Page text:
With the glut of streetwalkers and thieves throughout the Hive, you really had to respect someone who did good, honest labor. In the back of my mind, though, I didn't think she could turn a trick if she tried, unless she was planning on beating the poor sod and robbing him after. She was rather blocky for a woman.
I had gotten so used to scars and wounds by now, however, that my tongue slipped carelessly, "Is that how your eye was ruined?"
Nalls' face turned hard. "None a' yer business, berk. Why? Would ye like a matchin' wound for yer collection?"
I smiled, "No, that particular one's not quite 'me.'"
She laughed heartily. "Aye, an' I don't think ye have much room for another scar, besides!"
"True enough, Iron Nalls. Well I'm on an errand, so it's been fine meeting you. "
When I rounded the corner, the faint, oceany smell of fish greeted me. The cloying scent stung sharply against the dry, dusty air of the marketplace. An old woman stood silently by the wall, staring off into the distance. She seemed to be unconcerned with the flow of traffic around her, and clutched a wooden pole from which dozens of small fish dangled.
"Oh... 'lo, sir." She squinted at me for a moment, trying to discern my identity. For a merchant, she seemed unusually unconcerned about buyers. "Oh my! 'Ere I was, thinkin' ye one o' me regular customers." She proffered her fish-pole. "Tuna, sir? Mackerel? Sea cucumber?"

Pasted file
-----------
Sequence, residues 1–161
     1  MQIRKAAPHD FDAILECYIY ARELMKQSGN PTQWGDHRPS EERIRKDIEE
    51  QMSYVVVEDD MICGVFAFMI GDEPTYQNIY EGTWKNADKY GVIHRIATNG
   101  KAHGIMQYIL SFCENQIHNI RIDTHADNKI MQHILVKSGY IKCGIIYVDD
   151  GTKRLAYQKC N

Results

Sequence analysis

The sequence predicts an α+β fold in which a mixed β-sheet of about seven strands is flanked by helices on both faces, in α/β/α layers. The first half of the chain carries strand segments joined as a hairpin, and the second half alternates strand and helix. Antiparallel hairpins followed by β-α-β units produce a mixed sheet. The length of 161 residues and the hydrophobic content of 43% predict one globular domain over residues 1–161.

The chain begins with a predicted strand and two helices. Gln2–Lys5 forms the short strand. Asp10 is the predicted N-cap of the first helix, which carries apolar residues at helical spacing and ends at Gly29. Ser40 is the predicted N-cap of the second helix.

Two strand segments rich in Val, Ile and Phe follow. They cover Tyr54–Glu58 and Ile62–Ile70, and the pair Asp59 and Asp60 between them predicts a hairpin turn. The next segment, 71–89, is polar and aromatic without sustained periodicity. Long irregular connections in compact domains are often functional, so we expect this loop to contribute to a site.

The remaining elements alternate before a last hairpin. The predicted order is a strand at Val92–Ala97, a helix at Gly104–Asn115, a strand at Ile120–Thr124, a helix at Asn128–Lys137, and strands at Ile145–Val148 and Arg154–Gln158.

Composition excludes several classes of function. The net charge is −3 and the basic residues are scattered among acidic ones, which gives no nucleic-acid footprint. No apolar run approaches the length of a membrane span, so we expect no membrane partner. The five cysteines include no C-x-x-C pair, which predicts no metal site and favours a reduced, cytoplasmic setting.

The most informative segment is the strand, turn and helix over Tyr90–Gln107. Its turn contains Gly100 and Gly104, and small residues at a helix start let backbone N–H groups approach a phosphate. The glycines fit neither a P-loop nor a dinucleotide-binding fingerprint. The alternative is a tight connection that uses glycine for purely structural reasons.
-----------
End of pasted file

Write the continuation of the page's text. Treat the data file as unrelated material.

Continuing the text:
"'Sea cucumber?' Aww, now you're just making that up," Morte eyed the pole.
I waved away a little brown squiggly thing, moist and shaped like a large, lumpy black pickle, "No fish, thanks. I had some questions..."
"Hrmm..." Her mouth pressed down into a tight-lipped frown, and she stared off over my shoulder.
I turned around to look at what she was staring at, but there was nothing of interest behind me. As I turned back to the old woman, I caught her looking at me... she looked away quickly, resuming her staring off into the distance once more, as if gazing into the past.
"What? Do I look familiar to you?"
"I doubt she'd miss a tall, gray-skinned berk scarred up and ugly as sin."
"Goodness, no!" She paused for a moment. "Aye, ye do."
"Have you seen me before, then?" I couldn't keep the urgency from my voice. A link to my past, any past, would be rare indeed. I had been wandering this huge city for a couple good days now and to find someone that recognized me, even if it was an addled memory, excited me. Such luck!
Her words were cautious, "I think... ye, or a man with yer very likeness, sir. T'was so long ago."
"Well, sir, ye see... me sight's not so good now, t'wasn't back then, neither. But I thought I saw ye walkin' past with a small group trailin' along behind ye."
"What did these people look like?"
"It's hard to say, sir... t'was so long ago, and ye walked by so quick-like. But I remember, now, the way ye held yer head up... there was a woman followin' ya, tryin' to stop ye. To get ye to turn around, speak to her... but ye pushed her away."
Deionarra... a chill breeze whisked across my chest, as if the name had caressed me. I had to work a bit of moisture in my mouth, "What happened then?"
"Beautiful woman, she was... looked so sad, so angry, all at once. She stood there for a moment, then followed along behind ye just the same, hustlin' to catch up."
A group? "You had said there was a group? Who else was there?"
She shrugged. "There was at least two other gentlemen with ye, sir... the only one I remember too clearly, though, was tall, thin. Reeked of bub, he did; I smelled him from across the way. Looked like he hadn't bathed in ages, too. He followed ye close, he did, an' never said a word. Acted like the woman wasn't even there, even when she bumped against him, tryin' to stop ye. That's all I remember, sir."